Our client’s symptoms persisted: her urinary incontinence increased, together with a general decrease in mobility. She contacted her GP practice again. Around one week after her initial complaint, her GP made a home visit, resulting in out client being admitted to hospital. Our client was diagnosed with acute Cauda Equina Syndrome and underwent surgery.
We argued that the delayed diagnosis led to our client’s permanent bladder and bowel incontinence. She also suffers from chronic sensory loss, loss of balance and pain, which could have been avoided or diminished. After proceeding through the majority of the court process, the matter was settled shortly before a final trial for £200,000. The defendant also repaid all relevant benefits to the Department for Work and Pensions (DWP).
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We are independently accredited by leading legal organisations such as Action Against Medical Accidents (AvMA) and the Law Society. Our Medical Negligence solicitors can assist with conditions such as Cauda Equina Syndrome and other types of spinal injuries. We know exactly what to do to uncover the crucial information for your case.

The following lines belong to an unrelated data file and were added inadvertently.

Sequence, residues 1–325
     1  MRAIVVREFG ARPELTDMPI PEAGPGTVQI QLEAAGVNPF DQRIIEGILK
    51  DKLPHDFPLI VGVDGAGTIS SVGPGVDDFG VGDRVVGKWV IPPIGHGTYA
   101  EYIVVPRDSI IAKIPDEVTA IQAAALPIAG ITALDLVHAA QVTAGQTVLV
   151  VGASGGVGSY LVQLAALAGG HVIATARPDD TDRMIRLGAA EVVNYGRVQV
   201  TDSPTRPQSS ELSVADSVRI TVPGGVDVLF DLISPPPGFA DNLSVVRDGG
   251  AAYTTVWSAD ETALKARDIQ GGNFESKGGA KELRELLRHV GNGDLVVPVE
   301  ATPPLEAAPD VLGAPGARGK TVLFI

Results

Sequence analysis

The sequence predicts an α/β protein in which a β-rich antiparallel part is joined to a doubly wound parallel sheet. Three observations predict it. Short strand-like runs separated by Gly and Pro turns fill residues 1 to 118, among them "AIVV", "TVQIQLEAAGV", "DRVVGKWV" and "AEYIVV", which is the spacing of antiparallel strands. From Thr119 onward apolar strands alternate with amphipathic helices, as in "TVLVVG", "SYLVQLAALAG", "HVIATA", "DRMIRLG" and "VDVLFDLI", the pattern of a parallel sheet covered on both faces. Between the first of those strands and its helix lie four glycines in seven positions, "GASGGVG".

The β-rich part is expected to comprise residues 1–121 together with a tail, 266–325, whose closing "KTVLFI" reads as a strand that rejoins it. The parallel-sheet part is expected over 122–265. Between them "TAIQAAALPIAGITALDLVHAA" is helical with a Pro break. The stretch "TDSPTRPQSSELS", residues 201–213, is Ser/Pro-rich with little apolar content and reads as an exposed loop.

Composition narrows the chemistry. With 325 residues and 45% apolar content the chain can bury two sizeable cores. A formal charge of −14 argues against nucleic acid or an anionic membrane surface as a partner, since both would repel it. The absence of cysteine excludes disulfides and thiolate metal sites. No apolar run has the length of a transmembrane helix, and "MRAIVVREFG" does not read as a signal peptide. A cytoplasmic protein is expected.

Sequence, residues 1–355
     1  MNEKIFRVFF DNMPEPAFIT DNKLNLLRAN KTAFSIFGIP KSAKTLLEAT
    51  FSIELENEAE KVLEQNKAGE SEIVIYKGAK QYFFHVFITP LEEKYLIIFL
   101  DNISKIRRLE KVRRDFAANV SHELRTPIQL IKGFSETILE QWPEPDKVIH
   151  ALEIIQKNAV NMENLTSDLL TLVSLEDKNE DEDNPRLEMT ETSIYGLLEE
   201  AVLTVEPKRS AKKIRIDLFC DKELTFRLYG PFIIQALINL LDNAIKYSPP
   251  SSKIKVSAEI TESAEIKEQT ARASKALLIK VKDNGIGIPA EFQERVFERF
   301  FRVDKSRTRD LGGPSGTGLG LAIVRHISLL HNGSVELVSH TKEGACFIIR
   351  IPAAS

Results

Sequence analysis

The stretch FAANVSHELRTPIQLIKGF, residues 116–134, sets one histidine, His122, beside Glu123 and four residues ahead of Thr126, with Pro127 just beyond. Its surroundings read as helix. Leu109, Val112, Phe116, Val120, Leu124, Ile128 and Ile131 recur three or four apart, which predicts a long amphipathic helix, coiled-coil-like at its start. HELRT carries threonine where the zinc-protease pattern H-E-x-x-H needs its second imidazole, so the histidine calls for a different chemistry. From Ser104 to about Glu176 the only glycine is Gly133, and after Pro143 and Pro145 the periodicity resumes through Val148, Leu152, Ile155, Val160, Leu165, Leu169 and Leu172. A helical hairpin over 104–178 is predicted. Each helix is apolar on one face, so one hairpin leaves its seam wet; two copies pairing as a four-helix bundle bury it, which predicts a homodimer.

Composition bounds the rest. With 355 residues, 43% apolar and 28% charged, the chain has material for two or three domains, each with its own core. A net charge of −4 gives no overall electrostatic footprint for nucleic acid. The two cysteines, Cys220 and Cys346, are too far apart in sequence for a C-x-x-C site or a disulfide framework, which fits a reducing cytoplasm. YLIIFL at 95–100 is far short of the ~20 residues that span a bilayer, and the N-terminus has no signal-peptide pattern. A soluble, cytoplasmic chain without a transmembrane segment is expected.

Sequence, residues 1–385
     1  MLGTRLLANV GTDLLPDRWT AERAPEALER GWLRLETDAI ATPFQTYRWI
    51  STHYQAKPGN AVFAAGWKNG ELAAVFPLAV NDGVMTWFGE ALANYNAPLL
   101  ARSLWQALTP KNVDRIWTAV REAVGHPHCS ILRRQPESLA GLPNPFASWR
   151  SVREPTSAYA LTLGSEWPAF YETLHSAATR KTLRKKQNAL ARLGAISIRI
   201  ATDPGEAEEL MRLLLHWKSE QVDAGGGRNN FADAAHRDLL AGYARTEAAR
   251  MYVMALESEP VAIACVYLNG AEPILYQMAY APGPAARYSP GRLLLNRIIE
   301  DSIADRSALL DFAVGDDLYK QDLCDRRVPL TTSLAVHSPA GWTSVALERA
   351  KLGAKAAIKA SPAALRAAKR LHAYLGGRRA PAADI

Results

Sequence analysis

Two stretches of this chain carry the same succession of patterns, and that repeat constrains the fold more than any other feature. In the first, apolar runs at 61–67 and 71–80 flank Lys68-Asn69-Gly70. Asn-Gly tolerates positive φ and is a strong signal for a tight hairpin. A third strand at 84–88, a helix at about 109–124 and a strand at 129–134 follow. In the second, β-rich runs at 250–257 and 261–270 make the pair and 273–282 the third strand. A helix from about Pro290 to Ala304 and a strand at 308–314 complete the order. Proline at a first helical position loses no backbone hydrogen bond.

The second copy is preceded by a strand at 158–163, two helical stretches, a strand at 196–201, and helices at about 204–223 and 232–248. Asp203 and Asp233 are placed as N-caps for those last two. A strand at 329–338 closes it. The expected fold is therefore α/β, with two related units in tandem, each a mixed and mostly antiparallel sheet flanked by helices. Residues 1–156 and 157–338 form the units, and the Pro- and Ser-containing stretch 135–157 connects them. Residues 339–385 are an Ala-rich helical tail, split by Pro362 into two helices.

We appreciate that you will probably have many questions about your case. Please give us a call for initial advice on the best way to proceed with a claim.
Our aim is to claim the compensation you deserve, by approaching your case in a meticulous and sensitive manner.
Find out how we can help you today. Contact our team on 0151 282 1700, or fill in our online enquiry form.
What will happen when I make a Cauda Equina Syndrome compensation claim?
If you have been seriously injured as a result of delayed or negligent medical treatment, please do not hesitate to get in touch. One of our legal advisors will be able to talk you through the various ways in which we can help.
We provide a free consultation, which will inform you of our initial assessment of your case. We will look at your claim to see if it is viable and consider the information with our in-house medical team. We can then let you know whether we can take your case on.